Homebuyers across the United States are taking a step back from the real estate market as rising mortgage rates erode their purchasing power, casting a shadow over the housing sector’s health as autumn approaches.
According to the latest data released by the National Association of Realtors (NAR), pending home sales for August experienced a sharp decline of 7.1% compared to the previous month, marking a stark contrast to the 0.9% monthly increase recorded in July. The outcome surpassed the earlier estimate by Bloomberg economists, who had predicted a more modest 1.0% decline. Worryingly, this downturn was not confined to a specific region, as every part of the country witnessed both monthly and year-over-year decreases.
On an annual basis, pending transactions tumbled by a staggering 18.7%, raising concerns about the overall health of the housing market. This drop in the NAR’s index, a leading indicator of the housing market’s well-being, underscores the adverse impact of costly mortgages, soaring property prices, and limited inventory. Seasonal trends may have also played a role in this downturn.
Lawrence Yun, Chief Economist at NAR, pointed to the key factor contributing to this phenomenon, stating, “Mortgage rates have been on the rise, exceeding 7% since August, which has significantly reduced the pool of prospective homebuyers. Some potential buyers are taking a pause and reassessing their expectations regarding the location and type of home that aligns with their budgets.”
Regionally, contract signings in the Northeast witnessed a 0.9% dip compared to the previous month and an alarming 18.2% slump from August 2022 levels. Similarly, pending sales also saw a decline of 7.0% in the Midwest, falling a substantial 19.1% from a year ago.
The Southern region recorded a staggering monthly drop of 9.1% in pending sales for August, accompanied by a significant 17.6% year-over-year decline. Meanwhile, activity in the West receded by 7.7%, marking a substantial 21.4% decrease from August 2022 levels.
Orphe Divounguy, a senior economist at Zillow, explained, “The drop in pending home sales can be attributed to a combination of higher mortgage rates and seasonal factors. Typically, sales decrease during this time of the year, but recent rate increases have further suppressed both mortgage demand and housing supply.”
Elevated mortgage rates have dealt a dual blow to both supply and demand. Higher rates have discouraged homeowners from listing their properties for sale, leaving potential homebuyers buyers with limited options in the resale market. Divounguy remarked, “Buyers simply can’t purchase what isn’t available.”
In August, the average rate for a 30-year fixed mortgage surged to 7.23%, reaching its highest point since June 2001 when rates stood at 7.24%, as per data from Freddie Mac. Rates have remained above the 7% threshold for six consecutive weeks, putting a squeeze on affordability. The latest mortgage rate data is set to be released on Thursday at noon EDT.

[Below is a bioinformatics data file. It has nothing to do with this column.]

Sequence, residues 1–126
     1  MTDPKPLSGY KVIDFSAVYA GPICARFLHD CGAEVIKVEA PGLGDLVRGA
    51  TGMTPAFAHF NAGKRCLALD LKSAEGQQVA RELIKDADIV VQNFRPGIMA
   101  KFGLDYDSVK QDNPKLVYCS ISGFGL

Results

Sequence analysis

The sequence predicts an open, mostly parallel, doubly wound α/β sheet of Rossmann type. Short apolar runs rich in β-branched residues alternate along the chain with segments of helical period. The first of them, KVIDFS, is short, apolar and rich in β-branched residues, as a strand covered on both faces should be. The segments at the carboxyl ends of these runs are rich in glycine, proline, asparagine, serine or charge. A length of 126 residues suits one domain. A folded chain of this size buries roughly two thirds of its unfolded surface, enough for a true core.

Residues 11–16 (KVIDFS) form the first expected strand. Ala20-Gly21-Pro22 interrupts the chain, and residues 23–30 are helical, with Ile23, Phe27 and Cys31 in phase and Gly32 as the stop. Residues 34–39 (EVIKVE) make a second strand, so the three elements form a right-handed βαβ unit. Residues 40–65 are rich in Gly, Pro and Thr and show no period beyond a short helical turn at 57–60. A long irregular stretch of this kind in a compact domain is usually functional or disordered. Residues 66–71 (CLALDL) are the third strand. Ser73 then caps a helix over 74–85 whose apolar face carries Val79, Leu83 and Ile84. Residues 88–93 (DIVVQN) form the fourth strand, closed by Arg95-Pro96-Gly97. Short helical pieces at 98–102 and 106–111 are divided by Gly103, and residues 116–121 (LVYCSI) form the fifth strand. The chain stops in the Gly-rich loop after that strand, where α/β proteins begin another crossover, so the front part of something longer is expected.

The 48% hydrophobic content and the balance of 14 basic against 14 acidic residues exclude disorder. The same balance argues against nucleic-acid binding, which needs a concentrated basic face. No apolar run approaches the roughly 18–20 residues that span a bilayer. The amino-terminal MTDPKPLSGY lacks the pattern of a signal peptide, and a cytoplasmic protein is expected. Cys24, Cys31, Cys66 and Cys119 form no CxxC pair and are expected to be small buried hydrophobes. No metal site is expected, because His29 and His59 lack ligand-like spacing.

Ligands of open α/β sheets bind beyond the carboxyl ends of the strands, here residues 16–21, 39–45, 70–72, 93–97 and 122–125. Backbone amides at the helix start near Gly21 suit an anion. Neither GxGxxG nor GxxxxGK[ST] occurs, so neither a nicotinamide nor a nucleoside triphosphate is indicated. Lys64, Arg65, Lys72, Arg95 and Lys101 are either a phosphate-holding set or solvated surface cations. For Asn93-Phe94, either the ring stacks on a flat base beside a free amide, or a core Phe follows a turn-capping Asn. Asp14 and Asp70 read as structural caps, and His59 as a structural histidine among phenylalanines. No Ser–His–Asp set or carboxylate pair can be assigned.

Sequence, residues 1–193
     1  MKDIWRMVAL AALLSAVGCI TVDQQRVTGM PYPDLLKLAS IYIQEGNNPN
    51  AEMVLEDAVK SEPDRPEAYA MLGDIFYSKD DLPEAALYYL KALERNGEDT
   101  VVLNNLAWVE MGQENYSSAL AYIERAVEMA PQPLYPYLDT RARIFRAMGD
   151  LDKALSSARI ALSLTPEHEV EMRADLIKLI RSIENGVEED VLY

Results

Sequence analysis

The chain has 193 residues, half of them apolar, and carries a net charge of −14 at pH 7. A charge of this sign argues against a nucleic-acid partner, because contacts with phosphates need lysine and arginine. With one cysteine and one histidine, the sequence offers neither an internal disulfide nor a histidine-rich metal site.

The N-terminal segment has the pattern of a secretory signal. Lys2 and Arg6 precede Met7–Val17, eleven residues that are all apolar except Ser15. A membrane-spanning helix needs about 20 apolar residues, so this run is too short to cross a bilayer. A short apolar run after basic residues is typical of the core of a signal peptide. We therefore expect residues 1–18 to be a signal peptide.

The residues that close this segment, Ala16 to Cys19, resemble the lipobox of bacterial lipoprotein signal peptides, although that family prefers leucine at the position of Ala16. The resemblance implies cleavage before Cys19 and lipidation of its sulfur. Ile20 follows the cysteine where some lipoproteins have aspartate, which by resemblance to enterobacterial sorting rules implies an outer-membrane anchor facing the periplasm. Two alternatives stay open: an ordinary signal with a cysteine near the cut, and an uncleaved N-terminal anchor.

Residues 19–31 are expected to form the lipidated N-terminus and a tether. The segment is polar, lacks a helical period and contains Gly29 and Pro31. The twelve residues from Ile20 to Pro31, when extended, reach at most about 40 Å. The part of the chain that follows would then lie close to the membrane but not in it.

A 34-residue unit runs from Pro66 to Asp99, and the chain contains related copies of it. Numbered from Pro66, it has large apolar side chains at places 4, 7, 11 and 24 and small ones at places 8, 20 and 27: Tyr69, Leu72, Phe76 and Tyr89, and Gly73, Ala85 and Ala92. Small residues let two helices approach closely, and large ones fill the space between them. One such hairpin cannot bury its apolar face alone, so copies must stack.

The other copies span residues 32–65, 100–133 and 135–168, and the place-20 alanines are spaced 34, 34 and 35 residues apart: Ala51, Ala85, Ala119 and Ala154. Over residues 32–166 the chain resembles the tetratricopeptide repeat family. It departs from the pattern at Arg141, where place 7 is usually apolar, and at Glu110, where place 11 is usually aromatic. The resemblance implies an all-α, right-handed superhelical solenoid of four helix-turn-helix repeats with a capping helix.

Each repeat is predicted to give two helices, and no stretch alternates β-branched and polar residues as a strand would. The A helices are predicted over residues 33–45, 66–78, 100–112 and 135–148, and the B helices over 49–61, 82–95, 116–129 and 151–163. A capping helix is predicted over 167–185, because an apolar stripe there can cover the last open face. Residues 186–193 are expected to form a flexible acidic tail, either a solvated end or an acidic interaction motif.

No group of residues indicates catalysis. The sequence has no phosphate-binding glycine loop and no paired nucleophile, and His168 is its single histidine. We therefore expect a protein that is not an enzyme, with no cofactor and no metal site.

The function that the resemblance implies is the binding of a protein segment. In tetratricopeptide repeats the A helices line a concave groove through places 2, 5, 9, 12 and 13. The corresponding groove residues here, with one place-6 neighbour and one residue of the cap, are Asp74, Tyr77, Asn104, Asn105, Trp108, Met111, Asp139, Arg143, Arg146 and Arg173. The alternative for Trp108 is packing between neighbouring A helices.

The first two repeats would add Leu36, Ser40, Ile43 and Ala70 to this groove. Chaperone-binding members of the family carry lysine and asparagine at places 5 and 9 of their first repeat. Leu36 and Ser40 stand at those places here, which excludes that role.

Additionally, higher mortgage rates have dampened demand, causing many prospective homebuyers to balk at the elevated costs. Mortgage loan applications for home purchases dropped by 2% on a seasonally adjusted basis compared to the previous week, according to data from the Mortgage Bankers Association for the week ending September 22. Unadjusted figures show that the index measuring purchase applications was 27% lower than a year ago.
The surge in borrowing costs is even impacting the new home market, which had benefited from a shortage of resale inventory for much of the year. Sales of newly constructed homes slumped by 8.7% to a seasonally adjusted rate of 675,000 units in August, as reported by the Census Bureau’s latest data.
Colin Johanson, US Macro Economic Research Analyst at Barclays, noted, “The level of sales reflects the impact of elevated mortgage rates on housing demand. The decline can also be attributed to the sharp drop seen in last week’s August housing starts release, as many new home sales occur before or during construction, thus exerting downward pressure on today’s new home sales figures.”
The limited inventory in the market has allowed builders to step in and replenish the housing supply by offering various incentives to attract potential buyers to the newly constructed home market. However, the impact of these measures is constrained by the ongoing rise in borrowing costs.
“It’s evident that increased housing inventory and improved interest rates are crucial to revive the housing market,” Yun emphasized.
Nonetheless, the prospect of mortgage rates returning to more favorable levels in the near future remains uncertain. Federal Reserve Chair Jerome Powell’s recent statement indicated the possibility of another rate hike this year, with a likelihood of sustained higher rates if inflation fails to return to its 2% target.
Responding to this, Yun issued a cautionary note on mortgage rates, saying, “In the short term, there is a possibility that rates may rise to 8%.” The housing market, therefore, faces a challenging landscape as it grapples with the impact of surging mortgage rates and the broader economic climate.
Source: Yahoo Finance